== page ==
The coauthors have put down firm roots in Norwich, where they’ve been raising their three kids — now 17, 13 and 7 — for the past seven years. But their own origins, like the action of their book, are far-flung. Pamela is a UK native, while Jon is an American whose missionary parents raised him in South and Central America. They met while working at a London advertising agency and later founded their own, Craik Jones Watson Mitchell Voelkel Ltd.

After 15 years in London, the couple decided to settle down “halfway between our two families,” says Pamela. (Jon has relatives in Arizona.) In Vermont, Jon was “supposed to be writing a book on marketing, but it was just too boring,” he recalls. “I used to tell bedtime stories to the kids every night. My son had a favorite story about a monkey girl, and I thought, That would be such a great book.”

Middleworld was born from Jon’s memories of “things I went through when I was a kid, dragged by my parents through the jungle,” says the author, who confesses to having been, like protagonist Max Murphy, a less-than-ideal adventure traveler.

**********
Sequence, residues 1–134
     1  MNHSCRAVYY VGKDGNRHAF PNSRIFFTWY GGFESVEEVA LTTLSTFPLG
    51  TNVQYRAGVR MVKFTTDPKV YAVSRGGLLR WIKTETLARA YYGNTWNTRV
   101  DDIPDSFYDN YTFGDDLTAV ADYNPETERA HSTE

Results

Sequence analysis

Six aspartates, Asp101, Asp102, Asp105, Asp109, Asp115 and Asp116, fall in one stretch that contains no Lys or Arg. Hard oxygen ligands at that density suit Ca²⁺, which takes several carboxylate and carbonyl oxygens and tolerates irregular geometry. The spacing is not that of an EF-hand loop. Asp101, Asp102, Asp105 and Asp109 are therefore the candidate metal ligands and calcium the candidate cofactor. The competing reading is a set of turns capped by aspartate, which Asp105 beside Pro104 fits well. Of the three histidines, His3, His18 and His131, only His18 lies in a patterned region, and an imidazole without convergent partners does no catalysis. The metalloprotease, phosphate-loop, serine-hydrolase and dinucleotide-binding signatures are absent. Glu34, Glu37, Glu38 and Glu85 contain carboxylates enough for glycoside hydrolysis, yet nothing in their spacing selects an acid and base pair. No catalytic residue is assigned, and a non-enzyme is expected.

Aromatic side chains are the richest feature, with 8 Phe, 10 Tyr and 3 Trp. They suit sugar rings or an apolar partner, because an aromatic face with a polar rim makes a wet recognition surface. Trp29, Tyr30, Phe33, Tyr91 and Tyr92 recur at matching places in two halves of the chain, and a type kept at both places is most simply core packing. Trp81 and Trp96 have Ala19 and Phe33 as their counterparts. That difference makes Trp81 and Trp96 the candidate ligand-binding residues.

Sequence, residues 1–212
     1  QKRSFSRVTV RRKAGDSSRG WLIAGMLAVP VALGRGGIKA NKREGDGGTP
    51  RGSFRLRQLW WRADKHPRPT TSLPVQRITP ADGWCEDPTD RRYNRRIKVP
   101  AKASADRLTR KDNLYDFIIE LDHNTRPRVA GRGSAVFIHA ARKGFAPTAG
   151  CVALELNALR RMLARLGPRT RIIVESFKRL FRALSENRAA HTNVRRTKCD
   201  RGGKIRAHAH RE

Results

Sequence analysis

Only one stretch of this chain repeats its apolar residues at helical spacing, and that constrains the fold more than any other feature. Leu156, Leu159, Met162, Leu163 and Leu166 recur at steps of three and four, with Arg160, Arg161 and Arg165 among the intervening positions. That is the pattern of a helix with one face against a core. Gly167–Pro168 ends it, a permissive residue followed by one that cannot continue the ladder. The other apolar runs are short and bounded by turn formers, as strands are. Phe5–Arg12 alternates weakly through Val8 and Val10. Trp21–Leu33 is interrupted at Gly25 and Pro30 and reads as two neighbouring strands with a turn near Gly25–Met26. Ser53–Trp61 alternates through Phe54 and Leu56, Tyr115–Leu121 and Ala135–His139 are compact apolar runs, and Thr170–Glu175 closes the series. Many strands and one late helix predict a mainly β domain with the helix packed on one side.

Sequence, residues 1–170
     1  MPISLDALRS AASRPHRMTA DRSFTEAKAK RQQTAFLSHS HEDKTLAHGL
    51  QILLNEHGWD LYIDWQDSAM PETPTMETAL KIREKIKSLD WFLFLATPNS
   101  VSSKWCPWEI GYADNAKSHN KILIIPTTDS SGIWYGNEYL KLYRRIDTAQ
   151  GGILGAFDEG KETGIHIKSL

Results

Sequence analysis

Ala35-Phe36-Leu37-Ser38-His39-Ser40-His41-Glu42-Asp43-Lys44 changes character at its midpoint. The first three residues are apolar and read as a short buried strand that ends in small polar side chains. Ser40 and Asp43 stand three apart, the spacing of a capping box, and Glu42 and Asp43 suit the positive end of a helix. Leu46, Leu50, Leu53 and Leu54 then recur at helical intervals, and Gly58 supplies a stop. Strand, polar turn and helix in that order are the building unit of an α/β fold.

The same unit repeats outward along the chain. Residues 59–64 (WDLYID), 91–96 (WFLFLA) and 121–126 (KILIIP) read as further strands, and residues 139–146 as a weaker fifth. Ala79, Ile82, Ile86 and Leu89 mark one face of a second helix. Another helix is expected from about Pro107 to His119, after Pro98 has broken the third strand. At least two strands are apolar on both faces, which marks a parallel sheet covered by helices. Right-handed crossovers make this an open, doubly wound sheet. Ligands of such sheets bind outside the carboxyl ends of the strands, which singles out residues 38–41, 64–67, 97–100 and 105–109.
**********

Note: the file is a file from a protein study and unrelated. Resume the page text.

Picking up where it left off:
“He wrote the bones of it,” Pamela recalls, “and it was like a James Bond story or something — all guns and car chases. There were no female characters!” That changed when she started reworking the manuscript. Now, says Pamela, their collaboration means that “we talk about the plot endlessly between the two of us, and I do most of the writing.”

The couple also became Maya aficionados: “The more we researched the Maya, the more fascinated we got with them,” Jon explains. Soon they were taking their own children down to Central America, and Jon was studying up on Maya glyphs, which he calls “almost a visual language.” He replicated some in the novel’s black-and-white illustrations.